Project blog

Linking interventions to cultural ceremonies and practices to reduce intimate partner violence among displaced populations in humanitarian crises

Organisation: Women and Health Alliance (WAHA) International

Partners: Addis Ababa University, EngenderHealth, Harvard Medical School

Location: Ethiopia

Type of grant: Core – development

Status: Ongoing

  • Practice interviews. Qualitative data collectors training by Samuel T.

  • Practice interviews. Qualitative data collectors training by Samuel T.

  • Qualitative data collectors training by Samuel T.

  • A man holding khat, source internet


Summary

The project targets a gap in humanitarian research and programming by developing and testing a novel intervention to reduce IPV in displaced Muslim communities in sub-Saharan Africa.

What is the humanitarian need?

Humanitarian practice guidelines recommend the integration of gender and protection
programming at each phase of a humanitarian crisis. Intimate partner violence (IPV) is one of the most common forms of gender-based violence; however, most guidelines focus on the prevention of violence in the emergency phase and the protection of women from non-partner sexual violence. There are fewer guidelines on how to prevent IPV among displaced populations during the stabilisation phase of a crisis and on how to adapt IPV interventions from non-humanitarian settings to humanitarian settings. There are limited data on IPV and a lack of evidence on effective IPV interventions in humanitarian settings; thus, there is a need for innovation in this area of humanitarian response.

What is the innovative solution?

The project will develop and test a novel intervention to reduce IPV in displaced Muslim communities in sub-Saharan Africa. The intervention will target women, men and married couples in a Somali refugee population in Ethiopia and will use community practices, cultural ceremonies or traditions as a platform for intervention delivery. The proposed project attempts to also understand and assess the protective cultural traditions that prevent and reduce IPV within families and communities rather than only emphasising the ‘harmful’ traditions addressed in current research and programming.

This will also allow exploration of how cultural norms related to IPV and how cultural practices and ceremonies shift as a result of displacement. This project will develop a framework that can be used as a tool for program planning and design by other humanitarian actors in other settings to integrate cultural factors into the design of public health and IPV interventions.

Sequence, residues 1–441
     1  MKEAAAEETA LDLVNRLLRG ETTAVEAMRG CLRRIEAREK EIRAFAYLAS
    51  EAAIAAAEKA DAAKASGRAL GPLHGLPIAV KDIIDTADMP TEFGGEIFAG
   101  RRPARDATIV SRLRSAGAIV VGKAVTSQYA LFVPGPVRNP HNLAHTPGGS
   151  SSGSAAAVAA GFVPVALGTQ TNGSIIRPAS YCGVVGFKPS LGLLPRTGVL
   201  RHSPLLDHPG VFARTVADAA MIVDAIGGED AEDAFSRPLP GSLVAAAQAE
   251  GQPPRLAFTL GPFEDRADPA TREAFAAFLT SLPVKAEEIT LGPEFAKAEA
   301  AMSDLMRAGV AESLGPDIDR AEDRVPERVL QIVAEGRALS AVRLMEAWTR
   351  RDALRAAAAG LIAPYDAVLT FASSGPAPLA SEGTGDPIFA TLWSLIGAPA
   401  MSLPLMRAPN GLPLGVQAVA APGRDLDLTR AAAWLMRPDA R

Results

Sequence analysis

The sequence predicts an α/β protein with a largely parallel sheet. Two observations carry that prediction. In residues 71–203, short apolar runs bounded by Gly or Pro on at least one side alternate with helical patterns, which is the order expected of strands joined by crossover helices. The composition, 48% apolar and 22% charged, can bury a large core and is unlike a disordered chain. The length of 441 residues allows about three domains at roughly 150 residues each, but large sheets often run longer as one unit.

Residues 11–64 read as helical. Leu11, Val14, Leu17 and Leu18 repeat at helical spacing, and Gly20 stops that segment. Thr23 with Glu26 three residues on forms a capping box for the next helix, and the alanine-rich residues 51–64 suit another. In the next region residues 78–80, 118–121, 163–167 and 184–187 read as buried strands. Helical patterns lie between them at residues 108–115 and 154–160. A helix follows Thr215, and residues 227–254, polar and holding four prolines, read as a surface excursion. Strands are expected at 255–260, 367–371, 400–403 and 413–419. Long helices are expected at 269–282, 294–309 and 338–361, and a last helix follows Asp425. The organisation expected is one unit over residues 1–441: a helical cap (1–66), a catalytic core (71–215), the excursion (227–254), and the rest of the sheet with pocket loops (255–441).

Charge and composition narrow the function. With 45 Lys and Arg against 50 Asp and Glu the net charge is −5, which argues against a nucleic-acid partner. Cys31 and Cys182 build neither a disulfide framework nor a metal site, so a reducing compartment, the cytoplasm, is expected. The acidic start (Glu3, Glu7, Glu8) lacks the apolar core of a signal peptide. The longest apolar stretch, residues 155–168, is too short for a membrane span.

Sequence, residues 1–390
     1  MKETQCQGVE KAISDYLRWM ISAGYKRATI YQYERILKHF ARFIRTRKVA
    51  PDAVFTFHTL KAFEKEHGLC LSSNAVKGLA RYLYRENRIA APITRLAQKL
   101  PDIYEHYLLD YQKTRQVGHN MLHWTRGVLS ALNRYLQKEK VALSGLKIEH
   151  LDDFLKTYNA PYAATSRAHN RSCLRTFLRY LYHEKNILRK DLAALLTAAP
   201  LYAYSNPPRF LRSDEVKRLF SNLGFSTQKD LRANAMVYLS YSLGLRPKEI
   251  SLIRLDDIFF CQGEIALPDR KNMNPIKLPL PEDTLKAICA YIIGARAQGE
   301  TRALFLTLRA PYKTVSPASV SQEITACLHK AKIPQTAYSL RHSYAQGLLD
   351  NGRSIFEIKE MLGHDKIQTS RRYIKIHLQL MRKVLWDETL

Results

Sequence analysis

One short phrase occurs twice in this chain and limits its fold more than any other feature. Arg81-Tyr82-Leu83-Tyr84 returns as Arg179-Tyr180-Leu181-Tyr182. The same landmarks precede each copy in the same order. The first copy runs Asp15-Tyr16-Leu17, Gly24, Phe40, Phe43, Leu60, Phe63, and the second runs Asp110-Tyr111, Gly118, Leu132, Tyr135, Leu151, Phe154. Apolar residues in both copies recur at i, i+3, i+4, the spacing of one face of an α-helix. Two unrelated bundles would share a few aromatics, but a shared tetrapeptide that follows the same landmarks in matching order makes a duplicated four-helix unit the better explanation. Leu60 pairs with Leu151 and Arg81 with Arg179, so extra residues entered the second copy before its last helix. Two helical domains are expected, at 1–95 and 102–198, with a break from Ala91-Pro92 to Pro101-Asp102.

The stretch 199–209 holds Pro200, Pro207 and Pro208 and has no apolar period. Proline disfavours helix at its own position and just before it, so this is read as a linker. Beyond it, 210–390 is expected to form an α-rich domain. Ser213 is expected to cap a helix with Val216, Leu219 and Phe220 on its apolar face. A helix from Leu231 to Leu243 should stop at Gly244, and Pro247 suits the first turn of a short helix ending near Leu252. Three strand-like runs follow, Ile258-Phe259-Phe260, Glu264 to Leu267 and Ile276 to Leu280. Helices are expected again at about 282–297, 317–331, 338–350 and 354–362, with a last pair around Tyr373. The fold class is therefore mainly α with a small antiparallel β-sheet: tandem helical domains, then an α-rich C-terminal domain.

What are the expected outcomes?

This innovation will build the evidence base on gender, social, cultural, and religious norms that contribute to IPV in displaced populations and also inform how cultural and community practices in refugee settings may serve as platforms for IPV intervention delivery. This evidence will be used to inform IPV intervention design and implementation in refugee settings. Curricula for three IPV prevention interventions – for women, men and couples – will be developed, piloted and refined. It is expected that the intervention will lead to long term impacts in attitudes and behaviours related to gender, social, cultural and religious norms that contribute to IPV, which will lead to decreased incidence of IPV in the intervention site. The learning and evidence from this intervention may be used to address IPV in other humanitarian contexts.

What materials or research outputs are likely to be produced?’

  1. qualitative data on gender, social, cultural, and religious norms that contribute to IPV and on community practices in Dollo Ado camps that may serve as platforms for IPV intervention delivery;
  2. an IPV intervention logic model and curricula for three IPV interventions targeted for a Muslim and Somali context (women, men, and couples);
  3. baseline and endline data from the pilot study on feasibility, acceptability, and attendance and knowledge and attitudes related to IPV and gender and social norms;
  4. a framework outlining the selection of community and cultural practices for IPV intervention delivery, guidelines on the process of adapting an intervention from the non-humanitarian settings, and oral and written dissemination.

Elrha is hosted by Save the Children, a registered charity in England and Wales (213890) and Scotland (SC039570).

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